- If we don't try to turn this catastrophe around, it could be a disaster for America's image worldwide, writes former CIA officer A.J. Fuentes Twombly.
I served undercover for the CIA during the early years of the U.S. war in Afghanistan. My job was complex and intricate, but I forged a connection to the Afghans I worked with. These were people who risked their lives to fight the organized, systematic oppression conducted by the Taliban.
They did it to further the American idea of democracy and a belief that the U.S. government would help them succeed.
Although the peace that followed was always shaky, I watched small victories with pride. Since the start of the war, the infant mortality rate dropped by 50%, and millions more Afghan girls went to school. Over the last 15 years, Afghan women served in local and national government, and gardens returned to Kabul after years of drought.
I am the daughter of Cuban refugees and am personally familiar with the generational trauma faced by families like mine, who were forced to flee their countries. As I watched the Taliban retake Afghanistan and wipe away 20 years of progress, I felt an acute grief for the people caught in the midst of an international chess game.
I am a lifelong Democrat. Following my service, I joined the Truman National Security Project, a left-leaning think tank made up of former civil servants and veterans who seek to have a say in international policy decisions based on our ground-level knowledge of conflict. My colleague and Truman Project President Jenny Ben-Yehuda said of the bitter end to America's longest war: "I wanted a withdrawal from Afghanistan, not an abandonment."
Tactically, there is now very little the U.S. can do to re-stabilize the country. With no U.S. Embassy or in-country resources, getting re-established would be an undertaking so costly it would defy almost any practical or political calculation. There are other options, but they pale in comparison to the stability Afghans had before this past weekend.
Morally, the gut-wrenching scenes we have all seen speak for themselves. The deal secured by the Trump administration in February 2020 set up a disastrous end to this war. That administration was so convinced their efforts would pay off politically for then-President Donald Trump in his 2020 reelection bid, that they even briefly planned – then cancelled – a meeting with the Taliban at Camp David in 2019.
Ultimately, the "peace" deal was signed between the U.S. government and the Taliban, but did not include signatories from the now-overrun Afghan government. Biden and his administration may own the last few days, but the devastating withdrawal was set in motion by the last administration, which neither understood foreign affairs nor cared about the lives of people who would be caught in the middle.
According to the United Nations, 80% of the refugees forced to flee since May are women and children. I have witnessed firsthand the brutality that our allies on the ground will face. An Afghanistan controlled by the Taliban will slide back 20 years and erode the sacrifice of so many, including Afghans, Americans and our NATO allies.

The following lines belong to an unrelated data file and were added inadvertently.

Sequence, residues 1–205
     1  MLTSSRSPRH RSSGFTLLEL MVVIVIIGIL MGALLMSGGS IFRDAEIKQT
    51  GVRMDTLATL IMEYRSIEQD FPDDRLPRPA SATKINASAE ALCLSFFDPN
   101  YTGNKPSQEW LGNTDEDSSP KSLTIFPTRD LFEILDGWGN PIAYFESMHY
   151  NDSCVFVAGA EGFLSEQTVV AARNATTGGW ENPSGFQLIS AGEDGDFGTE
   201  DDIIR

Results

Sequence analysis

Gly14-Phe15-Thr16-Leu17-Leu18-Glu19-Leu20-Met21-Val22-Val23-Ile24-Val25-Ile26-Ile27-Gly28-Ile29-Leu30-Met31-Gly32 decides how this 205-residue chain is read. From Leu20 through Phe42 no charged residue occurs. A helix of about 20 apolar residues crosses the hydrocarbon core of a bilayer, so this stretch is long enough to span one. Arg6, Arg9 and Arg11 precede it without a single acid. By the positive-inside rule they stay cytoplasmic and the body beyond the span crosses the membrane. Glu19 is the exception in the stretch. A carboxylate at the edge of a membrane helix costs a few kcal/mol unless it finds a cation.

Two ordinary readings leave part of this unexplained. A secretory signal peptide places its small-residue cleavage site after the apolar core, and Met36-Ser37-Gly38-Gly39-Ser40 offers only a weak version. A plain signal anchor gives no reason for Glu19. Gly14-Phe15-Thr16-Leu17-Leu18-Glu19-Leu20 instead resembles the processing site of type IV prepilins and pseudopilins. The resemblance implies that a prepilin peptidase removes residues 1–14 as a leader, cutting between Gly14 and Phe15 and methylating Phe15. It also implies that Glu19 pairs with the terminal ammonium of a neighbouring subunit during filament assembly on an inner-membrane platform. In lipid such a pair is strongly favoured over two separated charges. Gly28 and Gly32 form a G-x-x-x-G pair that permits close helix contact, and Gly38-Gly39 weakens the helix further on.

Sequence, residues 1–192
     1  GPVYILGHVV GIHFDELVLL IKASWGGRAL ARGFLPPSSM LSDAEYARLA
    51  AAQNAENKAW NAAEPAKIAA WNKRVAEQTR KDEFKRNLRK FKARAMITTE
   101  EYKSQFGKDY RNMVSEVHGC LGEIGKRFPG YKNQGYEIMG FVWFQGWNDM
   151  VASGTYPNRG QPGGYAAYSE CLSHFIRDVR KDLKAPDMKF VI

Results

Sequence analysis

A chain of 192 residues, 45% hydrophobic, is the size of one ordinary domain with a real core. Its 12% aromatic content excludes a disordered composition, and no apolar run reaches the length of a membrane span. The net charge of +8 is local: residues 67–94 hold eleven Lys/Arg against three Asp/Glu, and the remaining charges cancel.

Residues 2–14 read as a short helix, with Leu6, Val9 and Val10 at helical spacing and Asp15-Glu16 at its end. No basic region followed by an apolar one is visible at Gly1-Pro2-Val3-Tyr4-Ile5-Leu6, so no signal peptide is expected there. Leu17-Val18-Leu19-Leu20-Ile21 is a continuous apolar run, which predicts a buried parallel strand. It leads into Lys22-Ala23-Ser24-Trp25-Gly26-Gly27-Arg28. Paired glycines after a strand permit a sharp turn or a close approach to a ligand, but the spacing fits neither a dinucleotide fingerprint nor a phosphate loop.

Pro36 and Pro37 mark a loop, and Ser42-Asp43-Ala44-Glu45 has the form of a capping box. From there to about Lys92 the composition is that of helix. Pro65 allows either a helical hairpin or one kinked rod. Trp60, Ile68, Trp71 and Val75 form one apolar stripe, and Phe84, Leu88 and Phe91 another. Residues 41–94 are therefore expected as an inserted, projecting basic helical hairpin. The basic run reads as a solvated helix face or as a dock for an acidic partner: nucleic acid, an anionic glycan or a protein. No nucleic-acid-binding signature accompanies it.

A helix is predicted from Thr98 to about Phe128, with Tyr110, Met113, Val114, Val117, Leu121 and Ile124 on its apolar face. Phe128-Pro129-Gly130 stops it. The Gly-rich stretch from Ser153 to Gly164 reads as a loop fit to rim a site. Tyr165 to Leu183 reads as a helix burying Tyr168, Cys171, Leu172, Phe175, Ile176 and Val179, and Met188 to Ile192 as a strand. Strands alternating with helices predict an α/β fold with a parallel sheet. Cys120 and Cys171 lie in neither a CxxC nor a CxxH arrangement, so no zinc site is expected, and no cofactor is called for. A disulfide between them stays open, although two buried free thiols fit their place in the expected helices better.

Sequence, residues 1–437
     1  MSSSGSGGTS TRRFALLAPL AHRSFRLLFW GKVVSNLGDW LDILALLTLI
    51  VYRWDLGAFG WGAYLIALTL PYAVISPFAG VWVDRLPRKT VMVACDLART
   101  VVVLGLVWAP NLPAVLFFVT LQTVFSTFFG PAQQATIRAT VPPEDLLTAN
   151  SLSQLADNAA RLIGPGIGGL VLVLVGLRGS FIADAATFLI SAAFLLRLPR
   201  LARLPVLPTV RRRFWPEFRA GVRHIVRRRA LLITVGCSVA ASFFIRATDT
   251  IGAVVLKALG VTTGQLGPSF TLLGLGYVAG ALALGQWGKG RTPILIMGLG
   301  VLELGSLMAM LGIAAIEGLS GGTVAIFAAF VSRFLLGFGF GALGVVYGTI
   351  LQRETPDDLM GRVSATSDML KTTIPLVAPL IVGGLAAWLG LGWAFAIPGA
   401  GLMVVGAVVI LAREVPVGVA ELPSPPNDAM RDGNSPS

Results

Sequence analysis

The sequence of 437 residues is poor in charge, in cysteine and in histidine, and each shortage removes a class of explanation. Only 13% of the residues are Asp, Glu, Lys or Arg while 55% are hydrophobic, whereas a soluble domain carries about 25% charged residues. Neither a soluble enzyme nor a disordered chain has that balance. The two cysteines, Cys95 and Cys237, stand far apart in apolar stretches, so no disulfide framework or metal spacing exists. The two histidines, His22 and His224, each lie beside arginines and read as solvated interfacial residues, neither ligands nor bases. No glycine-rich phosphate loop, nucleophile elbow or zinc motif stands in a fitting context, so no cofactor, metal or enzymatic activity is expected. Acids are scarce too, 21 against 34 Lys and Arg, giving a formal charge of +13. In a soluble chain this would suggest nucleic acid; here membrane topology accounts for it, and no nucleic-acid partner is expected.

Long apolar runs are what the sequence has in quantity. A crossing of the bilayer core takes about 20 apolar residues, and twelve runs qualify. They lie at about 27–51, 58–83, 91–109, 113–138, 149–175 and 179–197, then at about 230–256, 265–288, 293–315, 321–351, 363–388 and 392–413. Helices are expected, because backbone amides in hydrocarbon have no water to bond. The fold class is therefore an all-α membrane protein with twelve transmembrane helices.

And if the humanitarian crisis alone is insufficient to motivate action, then we should think about the security and economic costs of abandoning Afghanistan.
First, the message we risk sending our allies, once again, is that we will leave them behind. In October of 2019, the Trump administration unceremoniously abandoned the Kurds in Syria. Now we have abandoned the Afghans. This plays into the hands of China and Russia, who will be emboldened by the way the United States left Afghanistan.
Fear of U.S. military intervention has helped deter Chinese aggression against Taiwan, but our Afghan exit calls this long-held belief into question. Russia will be equally emboldened by what they will characterize as a weakened U.S. standing in the world, where our disposable peace came at the cost of $2 trillion spent and thousands of dead. China and Russia will rush to fill any void left in our departure, as will Iran.
The cost of an extended war, Biden argued, was not worth it. However, we cannot quantify the further cost of a Taliban government – in human lives, in dollars spent on defense, in years, in potential terrorist attacks against the United States. It will end up costing us more than an orderly withdrawal ever would have.
The Biden administration should immediately work to ensure safe passage out of Afghanistan for all our allies on the ground. This should include expedited visa processing for all eligible Afghans and should also include asking Afghanistan's neighbors to open their borders to refugees.
The administration should also work with the United Nations and the international community to ensure we set up the proper mechanisms and infrastructure to deliver the necessary humanitarian assistance to the people of Afghanistan.
If we don't try to turn this catastrophe around, it could be a disaster for America's image worldwide. It would certainly haunt the Biden administration. We can still show the world that we are willing and able to do the right thing.
A.J. Fuentes Twombly is a former CIA officer. She also teaches at NYU Stern School of Business and the Kenan-Flagler Business School at UNC Chapel Hill. She is a member of the Truman National Security Project Defense Council and is a member of the Cultural Vistas national board of directors and the Hispanic Heritage Foundation national board of directors.